This month’s Microsoft security bulletins got a lot of action with the “crypt.dll” ECC validation flaw (aka CurveBall aka ChainOfFools), but the Windows Remote Desktop Gateway (RD Gateway) ones – some remote code execution – warrant your immediate attention, specifically CVE-2020-0609 and CVE-2020-0610.
What follows is my thought process of how I investigate these kinds of vulnerabilities with a system like Censys.
Digging into Censys to find these hosts gets interesting. Briefly, because Censys records network observations, you have to figure out how the software presents itself on the network. For web-based software, Microsoft often has a specific header that expresses the product and version. But in this case, it doesn’t, so I have to rely on other signals to robustly identify candidates. My objective is to estimate the vulnerable population size, and maybe to support identifying assets in my network I need to patch or remediate.
Normally in this kind of scenario (no obvious marker like a distinctive web header), when I want to mine Censys for this data I begin with a free form text search with the product name, typically as a quoted string.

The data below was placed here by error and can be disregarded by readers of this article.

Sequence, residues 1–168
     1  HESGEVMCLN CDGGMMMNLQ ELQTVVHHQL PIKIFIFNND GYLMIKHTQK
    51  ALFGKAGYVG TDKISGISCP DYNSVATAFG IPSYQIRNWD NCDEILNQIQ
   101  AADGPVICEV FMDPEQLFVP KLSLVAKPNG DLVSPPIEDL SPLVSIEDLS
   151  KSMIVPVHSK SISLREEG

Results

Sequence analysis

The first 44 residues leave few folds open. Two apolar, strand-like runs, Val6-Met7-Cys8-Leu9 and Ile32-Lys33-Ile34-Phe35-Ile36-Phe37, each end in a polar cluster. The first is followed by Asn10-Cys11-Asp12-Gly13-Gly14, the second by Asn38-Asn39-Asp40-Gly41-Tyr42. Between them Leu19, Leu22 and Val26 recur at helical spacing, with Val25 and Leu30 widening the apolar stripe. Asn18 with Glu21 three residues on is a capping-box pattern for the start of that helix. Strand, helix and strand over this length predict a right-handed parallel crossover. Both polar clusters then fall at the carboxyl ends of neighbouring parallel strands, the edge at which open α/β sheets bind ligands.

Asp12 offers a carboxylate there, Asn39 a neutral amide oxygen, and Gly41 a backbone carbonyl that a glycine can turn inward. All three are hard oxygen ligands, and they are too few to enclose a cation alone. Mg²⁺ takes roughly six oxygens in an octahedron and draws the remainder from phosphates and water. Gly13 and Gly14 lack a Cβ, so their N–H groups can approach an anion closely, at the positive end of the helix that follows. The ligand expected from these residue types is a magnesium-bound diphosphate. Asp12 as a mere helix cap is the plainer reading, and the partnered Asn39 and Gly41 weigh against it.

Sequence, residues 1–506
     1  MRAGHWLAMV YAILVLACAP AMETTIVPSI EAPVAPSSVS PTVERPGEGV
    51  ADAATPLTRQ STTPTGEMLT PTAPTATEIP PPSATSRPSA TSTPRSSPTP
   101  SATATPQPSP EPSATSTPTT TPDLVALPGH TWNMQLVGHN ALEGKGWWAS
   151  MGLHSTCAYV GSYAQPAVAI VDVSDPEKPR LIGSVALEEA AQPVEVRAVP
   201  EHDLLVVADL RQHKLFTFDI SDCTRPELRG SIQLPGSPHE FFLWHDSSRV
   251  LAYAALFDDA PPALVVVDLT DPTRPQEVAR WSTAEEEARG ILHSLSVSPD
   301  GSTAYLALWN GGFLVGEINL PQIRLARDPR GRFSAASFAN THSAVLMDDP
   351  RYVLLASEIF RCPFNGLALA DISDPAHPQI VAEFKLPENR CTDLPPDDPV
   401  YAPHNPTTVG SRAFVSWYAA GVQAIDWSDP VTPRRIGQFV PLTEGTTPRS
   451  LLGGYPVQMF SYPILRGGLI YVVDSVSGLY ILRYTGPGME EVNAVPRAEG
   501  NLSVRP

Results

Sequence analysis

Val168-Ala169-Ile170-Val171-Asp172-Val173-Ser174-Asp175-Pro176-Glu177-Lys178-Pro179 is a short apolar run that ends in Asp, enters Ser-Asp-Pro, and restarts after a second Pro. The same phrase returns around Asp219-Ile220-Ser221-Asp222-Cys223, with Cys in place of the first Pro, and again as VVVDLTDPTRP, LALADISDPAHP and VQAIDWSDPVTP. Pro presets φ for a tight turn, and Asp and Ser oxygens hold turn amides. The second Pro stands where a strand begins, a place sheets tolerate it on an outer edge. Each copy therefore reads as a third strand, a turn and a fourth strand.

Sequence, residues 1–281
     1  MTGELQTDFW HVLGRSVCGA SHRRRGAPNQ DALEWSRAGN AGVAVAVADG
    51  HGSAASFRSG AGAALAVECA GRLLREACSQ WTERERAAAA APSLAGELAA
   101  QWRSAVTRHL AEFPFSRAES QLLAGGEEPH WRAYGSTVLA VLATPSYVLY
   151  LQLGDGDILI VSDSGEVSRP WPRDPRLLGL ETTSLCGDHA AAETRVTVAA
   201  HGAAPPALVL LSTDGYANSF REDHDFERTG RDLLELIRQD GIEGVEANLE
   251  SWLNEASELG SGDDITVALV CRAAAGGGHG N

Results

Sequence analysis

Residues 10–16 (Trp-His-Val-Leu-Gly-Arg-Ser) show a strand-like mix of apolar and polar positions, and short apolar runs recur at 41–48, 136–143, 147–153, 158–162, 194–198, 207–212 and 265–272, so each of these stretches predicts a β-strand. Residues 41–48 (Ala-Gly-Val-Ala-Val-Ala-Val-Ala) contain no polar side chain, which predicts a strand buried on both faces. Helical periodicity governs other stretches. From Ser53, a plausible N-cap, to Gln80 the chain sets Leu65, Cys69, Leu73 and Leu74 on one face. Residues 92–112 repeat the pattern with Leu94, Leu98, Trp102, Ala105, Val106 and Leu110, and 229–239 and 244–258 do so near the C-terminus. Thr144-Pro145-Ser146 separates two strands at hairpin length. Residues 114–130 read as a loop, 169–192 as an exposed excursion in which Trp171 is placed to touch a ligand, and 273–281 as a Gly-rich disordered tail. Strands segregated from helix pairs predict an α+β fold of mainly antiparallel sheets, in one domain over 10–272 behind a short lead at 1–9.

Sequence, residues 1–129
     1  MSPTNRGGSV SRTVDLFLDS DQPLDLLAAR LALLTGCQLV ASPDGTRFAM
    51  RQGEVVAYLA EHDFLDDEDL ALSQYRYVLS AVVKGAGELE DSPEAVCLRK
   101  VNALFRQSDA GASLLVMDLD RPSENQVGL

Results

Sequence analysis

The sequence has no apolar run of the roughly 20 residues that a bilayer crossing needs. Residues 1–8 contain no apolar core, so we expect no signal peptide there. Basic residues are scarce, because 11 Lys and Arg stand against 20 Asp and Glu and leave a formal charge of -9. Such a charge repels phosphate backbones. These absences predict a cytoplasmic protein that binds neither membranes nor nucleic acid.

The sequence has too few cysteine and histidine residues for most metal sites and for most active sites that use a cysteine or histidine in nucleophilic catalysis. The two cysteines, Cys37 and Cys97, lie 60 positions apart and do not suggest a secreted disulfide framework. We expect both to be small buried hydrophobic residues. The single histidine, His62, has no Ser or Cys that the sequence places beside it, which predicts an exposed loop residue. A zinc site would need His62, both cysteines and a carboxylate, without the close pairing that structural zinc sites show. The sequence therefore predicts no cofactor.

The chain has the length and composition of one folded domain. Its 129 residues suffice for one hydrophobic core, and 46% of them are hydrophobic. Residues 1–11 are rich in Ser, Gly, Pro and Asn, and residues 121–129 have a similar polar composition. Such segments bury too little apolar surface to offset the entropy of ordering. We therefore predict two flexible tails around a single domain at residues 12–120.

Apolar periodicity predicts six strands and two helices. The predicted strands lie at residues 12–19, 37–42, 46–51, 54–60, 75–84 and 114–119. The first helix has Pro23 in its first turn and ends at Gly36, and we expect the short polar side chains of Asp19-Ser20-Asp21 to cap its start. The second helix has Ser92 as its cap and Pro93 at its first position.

In this case, it brings back under 100 hosts, suggesting to me this isn’t the right query. I found a support article from Microsoft’s forums that describe the default Web RDP path (/rdweb). This string made a really effective query term because it is so unique. It turns out we see nearly 38000 servers with “/rdweb” in their web pages:
From there you can further refine to constrain it to your org by CIDR, domain name, or the like. In this case we don’t have any version numbers presented by the Web RDP banner, but some products do. If we did have some, we would use those to refine the result set based on the range of vulnerable products from the vendor advisory.